Every company managing data – especially data associated with Geographic Information System (GIS) analysis and technology – needs to have a strategy in place for consistently maintaining its assets. This is true no matter the size of the data stores. What practices might you be overlooking in your own data management strategy? Let’s explore below.
1. Simplify access to traditional and emerging data.
Being able to quickly and easily access files is a key component of every data management strategy whether we recognize this or not. Why else would companies take the same to organize and clean an enterprise network of outdated and erroneous data? Having files spread across a network can slow a workflow down and complicate decision-making in cases where a user may not be familiar with where necessary is stored.
Simplifying access to spatial data is an important point in every data management strategy we don’t want you to overlook. Companies can accomplish this by keeping their network as condensed as possible, limiting the number of drives across which data is stored. They can also employ specialized filing systems that seek to categorize data based on ways users are most likely to use it, such as by region, project, etc. Our own team has also found success is managing data across networks by employing customized data registries that allow file paths for spatial data like Layer Files to be defined in a single configuration file or spreadsheet and pulled directly into ArcMap with the click of a button.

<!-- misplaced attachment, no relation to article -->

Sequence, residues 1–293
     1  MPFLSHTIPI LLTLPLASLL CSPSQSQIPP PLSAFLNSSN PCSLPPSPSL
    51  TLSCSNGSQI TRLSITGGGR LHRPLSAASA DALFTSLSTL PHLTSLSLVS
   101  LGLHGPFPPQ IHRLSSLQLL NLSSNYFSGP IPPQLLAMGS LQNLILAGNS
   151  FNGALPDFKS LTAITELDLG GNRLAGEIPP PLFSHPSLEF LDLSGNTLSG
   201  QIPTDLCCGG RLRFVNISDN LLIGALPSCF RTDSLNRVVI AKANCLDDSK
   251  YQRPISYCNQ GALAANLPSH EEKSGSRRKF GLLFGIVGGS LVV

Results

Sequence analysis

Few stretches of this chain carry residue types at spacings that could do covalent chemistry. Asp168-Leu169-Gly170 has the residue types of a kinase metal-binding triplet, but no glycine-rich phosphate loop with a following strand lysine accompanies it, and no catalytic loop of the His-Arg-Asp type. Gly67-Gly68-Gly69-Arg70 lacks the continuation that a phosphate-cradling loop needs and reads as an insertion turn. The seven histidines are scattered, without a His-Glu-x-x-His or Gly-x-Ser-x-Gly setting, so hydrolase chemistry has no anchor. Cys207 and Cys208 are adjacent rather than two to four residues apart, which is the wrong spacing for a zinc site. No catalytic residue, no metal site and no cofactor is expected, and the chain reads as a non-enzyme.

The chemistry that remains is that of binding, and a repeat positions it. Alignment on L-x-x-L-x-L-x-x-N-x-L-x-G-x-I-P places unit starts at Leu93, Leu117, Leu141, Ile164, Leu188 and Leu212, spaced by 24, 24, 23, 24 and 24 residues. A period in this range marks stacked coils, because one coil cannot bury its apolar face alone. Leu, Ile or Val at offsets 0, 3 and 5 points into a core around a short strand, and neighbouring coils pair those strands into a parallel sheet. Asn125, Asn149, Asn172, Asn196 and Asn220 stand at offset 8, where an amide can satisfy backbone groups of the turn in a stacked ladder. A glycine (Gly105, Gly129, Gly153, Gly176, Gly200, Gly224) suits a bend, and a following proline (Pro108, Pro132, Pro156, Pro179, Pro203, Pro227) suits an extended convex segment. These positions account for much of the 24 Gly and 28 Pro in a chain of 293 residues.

2. Don’t underestimate the value of categorizing your data.
Organization is not just a buzzword in lifestyle magazines. It is also a key component in properly managing enterprise data. Organizing data can involve any number of aspects, like storing data based on region, owner, date, or relevancy to a project. What all of these systems have in common though is that categorization is a catalyst for successful organization.
Incorporating categorization in a data management strategy allows you to better analyze the context of the data as well as better assign responsibility for maintenance of its quality.
You do not necessarily have to physically categorize these files – simply attributing classifications to files can help to streamline data management practices and increase comprehension of available resources.
3. Make note of metadata and make it a priority.
We will be the first to admit that metadata is not the most glamorous aspect of data management or data analysis. With that said, it is one of the most useful aspects of data outside of the actual content it represents. Metadata makes it easier for professionals, teams, and companies in general to identify and reuse data correctly. By noting the when, where, why, and by whom it was created – as well as any other pertinent details – the process for both using data as well as maintaining its quality becomes much simpler than if it were lacking that information.